Posted by: Jacqui Murray | April 18, 2014

You’re in–Now What?

meagMost candidates have heard from USNA. If you are one of the 1,000+ who got an offer, and you accepted, you’re wondering what to do with yourself until I-Day at the end of June. This webpage on USNA.edu will provide black and white details, but there’s so much more. A question I often get from women concerns women in a male world. How’s that work?

I asked a recent USNA graduate to help me on that. Lt. Meaghan Murray graduated in 2008, served on the USS Bunker Hill and then the newly-commissioned USS San Diego for her two sea tours, and now is assigned to Washington DC for her stateside tour–the last mandatory assignment before she makes the choice to stay in or become a civilian–and will start an MBA program at University of Maryland. Here’s her advice to women:

Ok, you got in!  Cheer up, that wasn’t the hard part.  There are a million ways to mess it up now.  You’re not a big fish in a small pond anymore.  Everyone is Type A and out to succeed.  We operate like a team and look out for each other, but we all need to individually get through the same obstacles, too.  It’s unfortunately common these days for women to play dumb.  DON’T!  No one respects dumb people at USNA.  People who earn the greatest respect are the ones who get the grades, run the fastest, tell the funniest stories, ooze charisma, and seem to do it all effortlessly.  Basically, at USNA we are so used to operating in a world where you out perform the people around you that the way to earn respect is to outperform the out performers.  You have to be more than a jack of all trades; you have to be a master of all trades.  But trust me, you’ll be better for it!  Never settle.  Always look for your deficiencies (won’t have to try hard because the upperclassmen will be there to point them out to you) and ALWAYS fix them before they snowball.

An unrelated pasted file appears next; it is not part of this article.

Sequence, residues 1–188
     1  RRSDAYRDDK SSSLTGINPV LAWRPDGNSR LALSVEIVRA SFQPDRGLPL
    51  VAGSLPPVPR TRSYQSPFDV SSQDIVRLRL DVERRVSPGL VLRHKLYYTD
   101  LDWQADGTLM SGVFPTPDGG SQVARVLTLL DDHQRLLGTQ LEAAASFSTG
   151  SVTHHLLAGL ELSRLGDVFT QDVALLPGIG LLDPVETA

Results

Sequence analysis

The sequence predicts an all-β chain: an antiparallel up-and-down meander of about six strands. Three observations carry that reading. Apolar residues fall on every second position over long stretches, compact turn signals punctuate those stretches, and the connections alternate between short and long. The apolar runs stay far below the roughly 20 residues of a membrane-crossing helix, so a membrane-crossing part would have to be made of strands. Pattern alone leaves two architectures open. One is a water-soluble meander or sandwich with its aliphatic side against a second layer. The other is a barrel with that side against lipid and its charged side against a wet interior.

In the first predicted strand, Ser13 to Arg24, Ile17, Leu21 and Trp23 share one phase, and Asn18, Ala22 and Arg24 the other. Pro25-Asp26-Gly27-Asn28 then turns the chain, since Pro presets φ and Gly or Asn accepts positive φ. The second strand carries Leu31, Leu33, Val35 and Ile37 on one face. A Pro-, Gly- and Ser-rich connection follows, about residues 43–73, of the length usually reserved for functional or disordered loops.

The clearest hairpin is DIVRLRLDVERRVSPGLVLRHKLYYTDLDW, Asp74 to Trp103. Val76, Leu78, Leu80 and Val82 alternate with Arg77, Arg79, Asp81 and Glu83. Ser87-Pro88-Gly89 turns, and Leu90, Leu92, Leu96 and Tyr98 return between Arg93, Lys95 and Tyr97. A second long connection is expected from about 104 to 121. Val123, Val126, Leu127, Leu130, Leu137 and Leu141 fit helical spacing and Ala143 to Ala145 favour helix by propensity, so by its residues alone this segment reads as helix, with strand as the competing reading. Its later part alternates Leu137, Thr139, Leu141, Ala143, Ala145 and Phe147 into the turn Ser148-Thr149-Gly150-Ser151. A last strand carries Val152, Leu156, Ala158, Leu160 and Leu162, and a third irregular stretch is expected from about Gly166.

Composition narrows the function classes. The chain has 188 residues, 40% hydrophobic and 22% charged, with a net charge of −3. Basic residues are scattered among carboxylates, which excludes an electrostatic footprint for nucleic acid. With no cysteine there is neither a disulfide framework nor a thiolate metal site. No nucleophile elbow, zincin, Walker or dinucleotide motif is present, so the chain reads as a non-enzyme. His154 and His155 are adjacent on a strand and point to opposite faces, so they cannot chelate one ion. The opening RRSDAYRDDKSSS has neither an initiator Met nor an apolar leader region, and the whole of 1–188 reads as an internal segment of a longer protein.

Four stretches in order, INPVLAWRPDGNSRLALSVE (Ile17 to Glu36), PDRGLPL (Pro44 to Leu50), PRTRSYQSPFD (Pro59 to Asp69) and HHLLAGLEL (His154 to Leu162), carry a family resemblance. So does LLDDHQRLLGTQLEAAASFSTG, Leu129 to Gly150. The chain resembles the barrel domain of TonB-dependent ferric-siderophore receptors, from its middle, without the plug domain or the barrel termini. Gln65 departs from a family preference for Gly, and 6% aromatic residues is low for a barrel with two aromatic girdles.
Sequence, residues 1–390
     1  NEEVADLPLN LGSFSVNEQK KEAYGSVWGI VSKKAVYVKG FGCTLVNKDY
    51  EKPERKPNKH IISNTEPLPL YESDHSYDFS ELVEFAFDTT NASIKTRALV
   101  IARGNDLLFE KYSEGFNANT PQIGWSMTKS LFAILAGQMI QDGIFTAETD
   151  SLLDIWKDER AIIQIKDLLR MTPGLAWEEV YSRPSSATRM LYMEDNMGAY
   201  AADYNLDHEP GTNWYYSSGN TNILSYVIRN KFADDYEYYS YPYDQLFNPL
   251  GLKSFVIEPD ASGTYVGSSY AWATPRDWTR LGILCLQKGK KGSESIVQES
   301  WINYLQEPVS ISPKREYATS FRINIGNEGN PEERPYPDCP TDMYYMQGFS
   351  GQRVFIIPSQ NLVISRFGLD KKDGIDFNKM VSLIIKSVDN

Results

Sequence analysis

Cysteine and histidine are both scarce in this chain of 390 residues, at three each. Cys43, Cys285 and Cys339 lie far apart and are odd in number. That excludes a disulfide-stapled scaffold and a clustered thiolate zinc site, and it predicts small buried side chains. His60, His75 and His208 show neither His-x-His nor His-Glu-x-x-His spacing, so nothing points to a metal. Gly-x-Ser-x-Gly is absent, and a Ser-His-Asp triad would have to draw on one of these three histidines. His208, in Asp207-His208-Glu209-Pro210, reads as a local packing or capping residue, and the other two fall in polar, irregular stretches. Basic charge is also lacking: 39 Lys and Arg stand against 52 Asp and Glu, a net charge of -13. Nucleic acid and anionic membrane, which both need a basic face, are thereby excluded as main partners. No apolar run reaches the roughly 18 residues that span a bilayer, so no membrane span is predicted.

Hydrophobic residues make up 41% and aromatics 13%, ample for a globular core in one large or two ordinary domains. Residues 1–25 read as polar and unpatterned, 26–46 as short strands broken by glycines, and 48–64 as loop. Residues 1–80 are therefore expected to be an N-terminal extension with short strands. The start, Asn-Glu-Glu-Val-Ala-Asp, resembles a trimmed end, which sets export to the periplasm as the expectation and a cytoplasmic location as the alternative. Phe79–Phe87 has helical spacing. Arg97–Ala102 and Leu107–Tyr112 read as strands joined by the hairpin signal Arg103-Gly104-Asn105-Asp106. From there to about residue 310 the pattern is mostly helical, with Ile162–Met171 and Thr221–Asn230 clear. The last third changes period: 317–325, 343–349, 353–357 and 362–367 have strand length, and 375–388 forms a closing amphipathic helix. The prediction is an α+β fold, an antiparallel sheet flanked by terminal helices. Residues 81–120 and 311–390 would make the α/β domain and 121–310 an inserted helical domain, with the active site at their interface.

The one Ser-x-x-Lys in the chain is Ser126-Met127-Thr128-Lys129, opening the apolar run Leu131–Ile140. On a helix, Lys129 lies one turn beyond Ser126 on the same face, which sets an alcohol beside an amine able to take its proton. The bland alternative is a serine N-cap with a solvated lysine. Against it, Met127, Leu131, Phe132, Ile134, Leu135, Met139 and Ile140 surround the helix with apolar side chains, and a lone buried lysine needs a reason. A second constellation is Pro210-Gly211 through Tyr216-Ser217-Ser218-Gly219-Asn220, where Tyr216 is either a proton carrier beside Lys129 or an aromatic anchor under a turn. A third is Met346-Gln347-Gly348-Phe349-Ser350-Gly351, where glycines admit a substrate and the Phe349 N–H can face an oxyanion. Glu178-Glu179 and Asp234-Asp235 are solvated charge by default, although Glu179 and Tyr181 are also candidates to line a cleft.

Read More…

Posted by: Jacqui Murray | April 16, 2014

Wednesday Hero: Tech Sgt. Charles Coolidge

Tech Sgt. Charles CoolidgeTech Sgt. Charles Coolidge
U.S. Army 92 years old from Chattanooga, Tennessee
3rd Battalion, 141st Infantry Regiment, 36th Infantry Division

Tech Sgt. Charles Coolidge was born in 1921 in Tennessee, where he still lives and works in the family business. In 2006 he was awarded the Légion d’honneur by officials of the French consulate.

From his Medal Of Honor citation: